For decades now, scientists have been warning about climate change and its likely human consequences. Like many, I was skeptical at first — both because scientists and their predictions are fallible, and because the costs of making drastic changes to avert an uncertain future would be substantial and cause unanticipated consequences, many of them bad in their own right. When whole regions suffer economically and socially from an effort to transition away from coal and fossil fuels, for example, the result can be political reaction that seeks to stymie or reverse the change, while causing a whole new range of problems.

But the evidence has been piling up for a long time now, rendering such skepticism an exercise in self-deception. Polar ice is melting. Storms are increasing in frequency and intensity. Temperatures are rising, rendering parts of the world newly uninhabitable.

And then there are those fires in the American West. Yes, poor forest management is playing a role. But to emphasize that cause to the exclusion of others, as the president and his ideological compatriots like to do, is to embrace willful ignorance. Much more significant is the region's increasing heat, which produces hotter, drier air that sucks moisture out of forests, leaving them more prone than they used to be to explosive combustion.

The consequences are undeniable. Robinson Meyer summed them up in a recent story for The Atlantic:

In the past few months, one in every 33 acres of California has burned. This year is already the most destructive wildfire season, in terms of acreage affected, in state history. In 2018, during California's last annus horribilis, I noted that six of the 10 largest wildfires in state history had happened since 2008. That list has since been completely rewritten. Today, six of California's 10 largest wildfires have happened since 2018 — and five of them have happened this year. ...It is the same story in the Northwest. More than one million acres have burned in Oregon, where tens of thousands of residents are under an evacuation order and officials have warned of a "mass fatality incident." And across the West, those not living in the path of fires have had to contend with a cloud of toxic fog that stretches from the Inland Empire to Idaho. [The Atlantic]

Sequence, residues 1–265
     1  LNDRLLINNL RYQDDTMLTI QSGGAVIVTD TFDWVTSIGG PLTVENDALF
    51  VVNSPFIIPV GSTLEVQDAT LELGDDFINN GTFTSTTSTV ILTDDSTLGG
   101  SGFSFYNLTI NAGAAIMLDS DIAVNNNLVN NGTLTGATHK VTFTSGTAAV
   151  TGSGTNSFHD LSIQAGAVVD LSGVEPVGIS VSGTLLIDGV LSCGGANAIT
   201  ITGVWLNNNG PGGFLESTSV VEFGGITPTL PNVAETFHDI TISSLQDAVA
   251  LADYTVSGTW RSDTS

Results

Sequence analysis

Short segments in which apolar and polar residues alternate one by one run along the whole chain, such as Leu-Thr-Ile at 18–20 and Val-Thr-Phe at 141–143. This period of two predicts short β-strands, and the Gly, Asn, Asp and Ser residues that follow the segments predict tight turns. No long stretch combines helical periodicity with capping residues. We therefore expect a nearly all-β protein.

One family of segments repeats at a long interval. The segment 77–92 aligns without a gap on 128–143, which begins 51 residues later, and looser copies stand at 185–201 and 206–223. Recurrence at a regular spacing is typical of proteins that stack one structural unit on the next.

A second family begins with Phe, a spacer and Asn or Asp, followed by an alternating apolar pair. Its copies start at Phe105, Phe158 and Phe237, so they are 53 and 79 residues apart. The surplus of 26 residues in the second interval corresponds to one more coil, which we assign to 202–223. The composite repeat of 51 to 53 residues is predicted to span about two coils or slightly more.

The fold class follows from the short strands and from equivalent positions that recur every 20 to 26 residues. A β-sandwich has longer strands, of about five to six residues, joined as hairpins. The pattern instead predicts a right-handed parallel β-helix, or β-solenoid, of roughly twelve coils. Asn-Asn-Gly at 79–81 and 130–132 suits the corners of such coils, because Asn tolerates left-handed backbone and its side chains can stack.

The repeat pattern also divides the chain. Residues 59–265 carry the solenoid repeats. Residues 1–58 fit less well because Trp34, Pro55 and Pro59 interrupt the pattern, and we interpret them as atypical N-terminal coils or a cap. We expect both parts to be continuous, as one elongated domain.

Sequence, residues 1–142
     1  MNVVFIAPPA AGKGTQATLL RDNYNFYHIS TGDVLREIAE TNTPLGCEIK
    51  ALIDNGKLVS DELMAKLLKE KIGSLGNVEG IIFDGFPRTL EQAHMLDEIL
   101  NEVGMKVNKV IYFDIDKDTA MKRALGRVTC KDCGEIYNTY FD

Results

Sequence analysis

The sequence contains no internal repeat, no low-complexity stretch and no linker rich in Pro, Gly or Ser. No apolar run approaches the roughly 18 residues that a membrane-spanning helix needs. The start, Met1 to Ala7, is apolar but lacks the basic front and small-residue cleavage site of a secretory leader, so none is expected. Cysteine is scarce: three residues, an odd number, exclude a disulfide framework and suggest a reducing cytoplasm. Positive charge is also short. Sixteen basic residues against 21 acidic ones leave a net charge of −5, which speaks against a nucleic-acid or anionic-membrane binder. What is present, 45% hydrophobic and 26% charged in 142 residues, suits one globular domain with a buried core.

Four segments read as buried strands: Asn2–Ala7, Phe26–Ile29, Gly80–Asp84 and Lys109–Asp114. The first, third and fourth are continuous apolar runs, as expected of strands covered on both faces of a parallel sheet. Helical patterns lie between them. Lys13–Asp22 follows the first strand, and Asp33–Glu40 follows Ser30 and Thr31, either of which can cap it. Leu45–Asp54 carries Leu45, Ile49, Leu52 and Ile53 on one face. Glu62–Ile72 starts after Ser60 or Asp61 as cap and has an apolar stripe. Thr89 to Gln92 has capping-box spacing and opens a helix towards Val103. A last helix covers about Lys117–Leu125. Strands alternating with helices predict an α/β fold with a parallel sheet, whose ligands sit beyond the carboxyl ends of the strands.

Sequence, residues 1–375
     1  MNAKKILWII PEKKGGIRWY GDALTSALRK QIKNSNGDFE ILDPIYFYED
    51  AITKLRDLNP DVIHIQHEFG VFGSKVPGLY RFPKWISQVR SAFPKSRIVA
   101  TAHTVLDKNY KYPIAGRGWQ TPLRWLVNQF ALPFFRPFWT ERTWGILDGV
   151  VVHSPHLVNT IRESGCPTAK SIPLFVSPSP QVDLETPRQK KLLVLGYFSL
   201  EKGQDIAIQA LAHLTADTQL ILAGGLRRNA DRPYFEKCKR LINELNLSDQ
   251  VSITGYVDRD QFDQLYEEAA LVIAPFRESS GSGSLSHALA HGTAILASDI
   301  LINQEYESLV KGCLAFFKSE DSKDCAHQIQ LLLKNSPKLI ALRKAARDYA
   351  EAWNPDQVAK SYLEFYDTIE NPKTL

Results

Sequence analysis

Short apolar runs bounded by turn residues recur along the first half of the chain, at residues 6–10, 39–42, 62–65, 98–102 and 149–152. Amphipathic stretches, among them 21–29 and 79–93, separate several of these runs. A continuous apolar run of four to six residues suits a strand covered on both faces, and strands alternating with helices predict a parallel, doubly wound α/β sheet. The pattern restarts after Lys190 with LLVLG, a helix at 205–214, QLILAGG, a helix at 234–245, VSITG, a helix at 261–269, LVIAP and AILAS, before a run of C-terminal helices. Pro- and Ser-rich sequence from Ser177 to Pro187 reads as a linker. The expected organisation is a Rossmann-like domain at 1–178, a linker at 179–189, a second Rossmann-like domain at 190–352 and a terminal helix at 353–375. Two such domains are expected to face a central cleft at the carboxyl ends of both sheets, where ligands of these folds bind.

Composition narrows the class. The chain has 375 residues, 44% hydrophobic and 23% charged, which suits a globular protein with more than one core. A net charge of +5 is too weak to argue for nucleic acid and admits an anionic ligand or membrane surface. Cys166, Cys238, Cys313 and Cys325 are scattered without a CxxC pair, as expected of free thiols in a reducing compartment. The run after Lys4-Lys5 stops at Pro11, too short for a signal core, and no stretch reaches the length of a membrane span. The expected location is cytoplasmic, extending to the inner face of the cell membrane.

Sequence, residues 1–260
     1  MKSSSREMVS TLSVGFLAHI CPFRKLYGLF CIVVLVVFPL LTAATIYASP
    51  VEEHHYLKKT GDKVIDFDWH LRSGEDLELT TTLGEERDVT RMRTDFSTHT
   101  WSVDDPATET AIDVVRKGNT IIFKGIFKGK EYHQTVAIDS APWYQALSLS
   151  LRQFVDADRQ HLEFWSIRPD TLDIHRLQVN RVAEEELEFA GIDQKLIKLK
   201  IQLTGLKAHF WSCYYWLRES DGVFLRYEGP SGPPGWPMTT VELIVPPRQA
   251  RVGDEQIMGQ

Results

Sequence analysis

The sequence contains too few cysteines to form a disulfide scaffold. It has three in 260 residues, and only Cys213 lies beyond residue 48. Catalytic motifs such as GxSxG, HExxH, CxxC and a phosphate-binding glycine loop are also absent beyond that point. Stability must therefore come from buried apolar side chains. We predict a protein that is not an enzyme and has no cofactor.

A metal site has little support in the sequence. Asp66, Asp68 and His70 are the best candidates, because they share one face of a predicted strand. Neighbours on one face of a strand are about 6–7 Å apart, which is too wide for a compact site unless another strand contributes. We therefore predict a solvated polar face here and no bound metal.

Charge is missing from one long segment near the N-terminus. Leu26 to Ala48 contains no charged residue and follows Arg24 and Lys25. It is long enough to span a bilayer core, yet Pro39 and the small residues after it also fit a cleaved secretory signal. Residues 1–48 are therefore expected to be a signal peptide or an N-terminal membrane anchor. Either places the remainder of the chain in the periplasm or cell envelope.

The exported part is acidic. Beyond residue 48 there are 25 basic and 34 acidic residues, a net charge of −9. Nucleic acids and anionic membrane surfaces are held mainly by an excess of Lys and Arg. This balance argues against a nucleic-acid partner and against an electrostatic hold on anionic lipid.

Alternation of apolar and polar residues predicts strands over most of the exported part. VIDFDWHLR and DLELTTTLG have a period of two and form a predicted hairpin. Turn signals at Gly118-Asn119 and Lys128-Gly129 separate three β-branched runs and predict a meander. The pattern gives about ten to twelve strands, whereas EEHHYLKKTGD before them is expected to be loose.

I don't know if this is the beginning of the literal end of the world. But it does appear to be a new normal — and one that at any time could, and almost certainly will, be supplanted by another that's even worse. Together with the other apocalyptic signs surrounding us, it serves as an important and deeply troubling revelation about our country.

If the United States is incapable of holding an election the outcome of which can be definitively known and trusted, does our government really deserve to be described as democratic? If our public health system can't lead the world in halting the spread of the worst pandemic in a hundred years, are we really as worthy of admiration and emulation as we like to suppose? If we respond to irrefutable evidence of climate change by continuing to deny the obvious as the consequences grow graver and more costly, is there any reason to suppose we're up to the task of saving ourselves?

What has been revealed these past few years — and this year most of all — is that we are not the country many of us supposed we were. However unedifying it is, that's a truth we desperately need to face — and somehow learn to live with.

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Damon Linker

Damon Linker is a senior correspondent at He is also a former contributing editor at The New Republic and the author of The Theocons and The Religious Test.